The track is further highlighted by some distortion on the vocals, straight out of the experimentation that was a highlight of the “Devils & Dust” tour, where Springsteen worked with textures, instruments and techniques that were new and unusual for him. The addition of these elements to the studio version would be tricky live, but on record help set the tone and maintain the sonic spaces that allow the song to expand to its true emotive depth.
|Live in Australia, 2013|
4. JUST LIKE FIRE WOULD – Also emerging from the Australian tour, this number written by Chris Bailey of The Saints (who Springsteen states were one of his favorite early Australian punk bands) was performed once and then recorded as part of a mid-tour recording session in Sydney. Springsteen’s rendition of the track as a straightforward rocker is mostly true, both emotionally and musically, to Bailey’s original. It’s another great snapshot of the 2013 E Street Band, with a definite horn presence (the mid-song solo is almost Beatles-esque) and classic Steve Van Zandt harmonies backing Springsteen.
5. DOWN IN THE HOLE – Another outtake from the recording sessions for 2002’s “The Rising,” the track opens with Patti Scialfa’s distinctive harmonies, which continue throughout the song. Also of particular note is the organ solo carrying the unmistakable feel of the late Danny Federici. The track is sparse, haunting, and heart-rendingly evocative. Many of the lyrics and leitmotifs are directly or indirectly echoed in other tracks on the album, which might explain Springsteen’s decision to omit it from the record back in 2002.
6. HEAVEN’S WALL – Prior to “Wrecking Ball,” Springsteen claimed he was working on a gospel album, which was never released. Two tracks — “Shackled and Drawn” and “Rocky Ground” — made it onto “Wrecking Ball,” and it certainly sounds like “Heaven’s Wall” could have originated from that project as well, given the upfront choral vocal components and directly biblical lyrics. Tom Morello comes in toward the end, his guitar work — both solo (including a too-brief exchange of riffs) and rhythm guitar — is absolutely appropriate and very organic. It’s a lively, fascinating, complex track and one of the standouts on this release.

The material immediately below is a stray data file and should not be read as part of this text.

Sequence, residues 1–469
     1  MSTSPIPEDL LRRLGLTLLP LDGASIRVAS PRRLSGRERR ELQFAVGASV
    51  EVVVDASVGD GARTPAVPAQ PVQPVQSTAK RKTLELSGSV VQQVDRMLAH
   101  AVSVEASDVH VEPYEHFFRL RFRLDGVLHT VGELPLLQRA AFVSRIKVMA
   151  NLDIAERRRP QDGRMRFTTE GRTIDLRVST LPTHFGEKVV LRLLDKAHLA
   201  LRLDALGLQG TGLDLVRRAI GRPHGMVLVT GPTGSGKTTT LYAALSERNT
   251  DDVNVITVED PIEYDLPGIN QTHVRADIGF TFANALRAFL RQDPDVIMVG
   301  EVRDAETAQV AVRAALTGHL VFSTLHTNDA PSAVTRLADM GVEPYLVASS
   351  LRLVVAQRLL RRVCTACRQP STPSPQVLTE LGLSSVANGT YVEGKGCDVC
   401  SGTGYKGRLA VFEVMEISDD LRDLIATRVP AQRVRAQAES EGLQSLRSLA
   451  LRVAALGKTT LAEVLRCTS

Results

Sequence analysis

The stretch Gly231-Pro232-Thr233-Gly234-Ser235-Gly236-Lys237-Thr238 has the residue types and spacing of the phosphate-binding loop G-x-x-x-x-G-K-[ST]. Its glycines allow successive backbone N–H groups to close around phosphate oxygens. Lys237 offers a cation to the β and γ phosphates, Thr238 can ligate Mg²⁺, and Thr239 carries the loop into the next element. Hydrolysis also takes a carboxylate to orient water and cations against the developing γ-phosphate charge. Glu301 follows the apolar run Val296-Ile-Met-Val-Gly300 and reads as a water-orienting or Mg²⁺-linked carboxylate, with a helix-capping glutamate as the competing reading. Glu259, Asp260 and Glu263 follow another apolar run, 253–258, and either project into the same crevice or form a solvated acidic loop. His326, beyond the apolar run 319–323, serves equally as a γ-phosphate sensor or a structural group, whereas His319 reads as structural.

7. FRANKIE FELL IN LOVE – This song sounds like Springsteen taking the best parts of the Seeger Sessions Band — the informality and looseness — and working them into an original song for the benefit of the full range and talent of the core E Street Band. It’s country-flavored without feeling contrived, poppy and swinging but very polished, and extremely memorable. It’s fun, it’s playful, it should have been the first single and would be a natural, fantastic addition to the E Street Band’s live repertoire.
8. THIS IS YOUR SWORD – This track is a more traditional sounding number, incorporating many of the Gaelic elements of which Springsteen’s become fond in recent years. “This Is Your Sword” is a straight-ahead ballad with strong vocals and powerful instrumentation — with a banjo and some bagpipes hanging around, too. This is the only track on which Max Weinberg does not play drums; instead, that role is filled by veteran sessionman Josh Freese.